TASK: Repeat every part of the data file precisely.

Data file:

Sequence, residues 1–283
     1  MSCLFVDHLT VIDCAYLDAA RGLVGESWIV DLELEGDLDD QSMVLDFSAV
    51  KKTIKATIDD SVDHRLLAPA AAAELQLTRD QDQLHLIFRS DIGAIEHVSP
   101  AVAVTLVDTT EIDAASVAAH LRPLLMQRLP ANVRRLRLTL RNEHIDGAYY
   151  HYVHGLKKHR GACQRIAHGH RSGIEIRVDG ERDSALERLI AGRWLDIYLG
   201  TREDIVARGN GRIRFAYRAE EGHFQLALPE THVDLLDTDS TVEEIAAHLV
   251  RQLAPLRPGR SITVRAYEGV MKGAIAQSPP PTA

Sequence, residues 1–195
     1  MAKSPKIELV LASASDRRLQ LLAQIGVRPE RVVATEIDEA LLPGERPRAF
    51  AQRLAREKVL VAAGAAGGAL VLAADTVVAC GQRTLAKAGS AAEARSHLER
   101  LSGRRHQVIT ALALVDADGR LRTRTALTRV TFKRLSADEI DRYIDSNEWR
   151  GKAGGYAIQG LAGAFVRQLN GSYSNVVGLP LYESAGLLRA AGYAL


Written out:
Sequence, residues 1–283
     1  MSCLFVDHLT VIDCAYLDAA RGLVGESWIV DLELEGDLDD QSMVLDFSAV
    51  KKTIKATIDD SVDHRLLAPA AAAELQLTRD QDQLHLIFRS DIGAIEHVSP
   101  AVAVTLVDTT EIDAASVAAH LRPLLMQRLP ANVRRLRLTL RNEHIDGAYY
   151  HYVHGLKKHR GACQRIAHGH RSGIEIRVDG ERDSALERLI AGRWLDIYLG
   201  TREDIVARGN GRIRFAYRAE EGHFQLALPE THVDLLDTDS TVEEIAAHLV
   251  RQLAPLRPGR SITVRAYEGV MKGAIAQSPP PTA

Sequence, residues 1–195
     1  MAKSPKIELV LASASDRRLQ LLAQIGVRPE RVVATEIDEA LLPGERPRAF
    51  AQRLAREKVL VAAGAAGGAL VLAADTVVAC GQRTLAKAGS AAEARSHLER
   101  LSGRRHQVIT ALALVDADGR LRTRTALTRV TFKRLSADEI DRYIDSNEWR
   151  GKAGGYAIQG LAGAFVRQLN GSYSNVVGLP LYESAGLLRA AGYAL